This is worrying from the BMA, why are we being told not to exception report anything, unless we stand firm on small bridges Trusts will continue to abuse us, we have to collectively show zero tolerance to work outside our schedules which means exception reports for everything. It beggars belief that the BMA have published this.
Well done Dr Martin on taking the initiative that should have come from more senior BMA 'leadership'.
However, as many have already mentioned below, unfortunately there are many flaws with the way you have interpreted the exception reporting process, which is not a criticism on your work. But for the BMA to use it as official guidance I find absolutely horrifying.
The trainee-supervisor relationship can be very fulfilling and supportive, but can also be fraught with concerns. Ultimately supervisors have significant power over trainees as they have control over their future career prospects. This becomes an increasing reality as one ascends the training ladder, which is partly why it is so concerning for an FY1's work (excellent it may be) to be used as official guidance from the BMA.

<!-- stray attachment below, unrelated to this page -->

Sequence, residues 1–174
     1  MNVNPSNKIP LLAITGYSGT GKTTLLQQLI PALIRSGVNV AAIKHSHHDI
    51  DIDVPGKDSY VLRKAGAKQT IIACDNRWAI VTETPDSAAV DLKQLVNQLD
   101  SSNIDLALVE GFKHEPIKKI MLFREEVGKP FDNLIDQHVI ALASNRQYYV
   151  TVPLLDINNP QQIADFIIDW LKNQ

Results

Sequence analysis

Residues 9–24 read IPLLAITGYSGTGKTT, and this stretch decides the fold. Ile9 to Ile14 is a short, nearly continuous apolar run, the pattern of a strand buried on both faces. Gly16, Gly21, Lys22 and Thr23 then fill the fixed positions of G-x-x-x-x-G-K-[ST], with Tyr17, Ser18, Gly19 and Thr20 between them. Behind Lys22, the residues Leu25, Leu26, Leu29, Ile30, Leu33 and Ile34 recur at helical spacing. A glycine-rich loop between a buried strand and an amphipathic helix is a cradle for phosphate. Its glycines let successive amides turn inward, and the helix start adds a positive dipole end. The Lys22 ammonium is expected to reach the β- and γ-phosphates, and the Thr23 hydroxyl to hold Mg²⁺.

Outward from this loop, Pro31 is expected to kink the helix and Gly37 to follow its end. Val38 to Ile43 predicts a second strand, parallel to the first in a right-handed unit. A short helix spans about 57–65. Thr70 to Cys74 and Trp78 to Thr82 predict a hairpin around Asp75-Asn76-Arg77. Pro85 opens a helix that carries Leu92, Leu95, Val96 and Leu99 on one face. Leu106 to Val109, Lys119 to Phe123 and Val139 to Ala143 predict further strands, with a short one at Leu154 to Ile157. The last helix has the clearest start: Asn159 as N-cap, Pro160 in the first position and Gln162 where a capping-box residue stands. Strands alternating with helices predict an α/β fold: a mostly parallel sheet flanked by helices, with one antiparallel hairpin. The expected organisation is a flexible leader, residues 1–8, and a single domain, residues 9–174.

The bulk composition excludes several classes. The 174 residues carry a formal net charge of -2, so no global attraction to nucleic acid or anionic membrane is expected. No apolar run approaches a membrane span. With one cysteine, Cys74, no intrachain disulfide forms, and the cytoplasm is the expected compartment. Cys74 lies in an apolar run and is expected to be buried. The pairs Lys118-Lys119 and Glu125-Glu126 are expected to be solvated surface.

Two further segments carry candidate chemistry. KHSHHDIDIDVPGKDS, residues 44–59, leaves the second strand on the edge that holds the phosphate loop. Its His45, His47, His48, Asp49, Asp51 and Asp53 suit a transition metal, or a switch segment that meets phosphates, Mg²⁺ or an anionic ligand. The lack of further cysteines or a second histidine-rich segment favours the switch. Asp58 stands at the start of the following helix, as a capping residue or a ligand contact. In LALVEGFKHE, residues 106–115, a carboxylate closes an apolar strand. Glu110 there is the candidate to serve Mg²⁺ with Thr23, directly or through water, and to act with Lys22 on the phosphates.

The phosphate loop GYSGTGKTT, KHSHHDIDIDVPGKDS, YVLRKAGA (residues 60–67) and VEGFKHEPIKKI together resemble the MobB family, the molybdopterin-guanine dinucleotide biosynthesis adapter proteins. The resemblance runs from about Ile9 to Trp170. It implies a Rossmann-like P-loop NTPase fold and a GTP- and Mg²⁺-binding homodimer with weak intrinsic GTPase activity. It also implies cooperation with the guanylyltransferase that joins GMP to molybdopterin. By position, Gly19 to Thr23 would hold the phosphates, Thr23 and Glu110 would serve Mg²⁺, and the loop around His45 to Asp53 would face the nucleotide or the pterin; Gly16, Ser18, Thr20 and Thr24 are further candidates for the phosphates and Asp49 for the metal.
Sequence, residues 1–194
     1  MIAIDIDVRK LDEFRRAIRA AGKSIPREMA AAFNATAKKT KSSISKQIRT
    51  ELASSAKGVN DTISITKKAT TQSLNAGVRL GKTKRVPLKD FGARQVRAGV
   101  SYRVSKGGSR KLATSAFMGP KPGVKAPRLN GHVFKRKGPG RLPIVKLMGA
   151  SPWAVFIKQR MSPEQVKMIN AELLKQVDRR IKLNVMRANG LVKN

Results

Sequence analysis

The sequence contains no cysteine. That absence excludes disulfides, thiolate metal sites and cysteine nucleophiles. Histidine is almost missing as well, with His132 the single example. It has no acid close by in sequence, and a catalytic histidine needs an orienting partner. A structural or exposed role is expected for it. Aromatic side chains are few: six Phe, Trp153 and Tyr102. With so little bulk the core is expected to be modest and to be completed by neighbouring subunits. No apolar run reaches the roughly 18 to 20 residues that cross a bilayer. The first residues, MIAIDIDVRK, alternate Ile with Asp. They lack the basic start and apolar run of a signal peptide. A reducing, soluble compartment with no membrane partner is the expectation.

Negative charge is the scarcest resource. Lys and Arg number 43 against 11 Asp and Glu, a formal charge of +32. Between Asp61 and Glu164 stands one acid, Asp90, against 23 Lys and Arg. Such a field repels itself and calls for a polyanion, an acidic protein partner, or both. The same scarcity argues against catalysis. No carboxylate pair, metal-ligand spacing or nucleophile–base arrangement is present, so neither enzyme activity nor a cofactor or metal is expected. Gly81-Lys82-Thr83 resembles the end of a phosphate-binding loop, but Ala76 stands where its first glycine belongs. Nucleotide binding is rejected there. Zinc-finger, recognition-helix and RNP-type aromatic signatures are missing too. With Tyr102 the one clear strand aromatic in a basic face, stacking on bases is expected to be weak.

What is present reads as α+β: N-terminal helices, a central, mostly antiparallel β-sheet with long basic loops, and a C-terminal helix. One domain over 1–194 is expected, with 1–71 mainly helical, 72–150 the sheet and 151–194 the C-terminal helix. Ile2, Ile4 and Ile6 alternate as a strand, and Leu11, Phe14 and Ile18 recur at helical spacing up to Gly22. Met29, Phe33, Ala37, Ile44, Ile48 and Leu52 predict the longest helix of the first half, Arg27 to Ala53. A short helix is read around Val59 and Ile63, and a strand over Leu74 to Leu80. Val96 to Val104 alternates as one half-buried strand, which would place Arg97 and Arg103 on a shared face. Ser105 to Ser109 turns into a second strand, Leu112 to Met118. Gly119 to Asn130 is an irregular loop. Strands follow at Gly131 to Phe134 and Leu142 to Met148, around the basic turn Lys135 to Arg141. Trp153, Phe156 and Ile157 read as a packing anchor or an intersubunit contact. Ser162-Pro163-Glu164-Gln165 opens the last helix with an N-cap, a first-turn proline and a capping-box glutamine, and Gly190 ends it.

There is a huge variation in the way consultants / supervisors interpret the contract dispute, junior doctors training in general, and therefore also the specific issue of exception reporting. Trainees are concerned to accurately exception report, because Trusts apply pressure to supervisors, who in turn apply pressure to trainees. There is absolutely no anonymity and to 'be brave' is a lot easier said than done, especially when morale among trainees is so much at rock-bottom that many just want to keep their head down and end the terrible training conditions by means of CCT.
Exception reporting was designed to gather data to show people (the public, GMC, government, etc.) just how much junior doctors go the extra mile out of goodwill, and how that goodwill is abused by employers en-masse. Employers are given a choice then to recompensate exceptions with TOIL or payment. However, no doubt every single employer will say 'there is no money' and therefore give TOIL. And guess where the TOIL will come from? You guessed it... by leaving the normal working day shortstaffed and abandoning training opportunities (which may have lesser service yields for the Trust).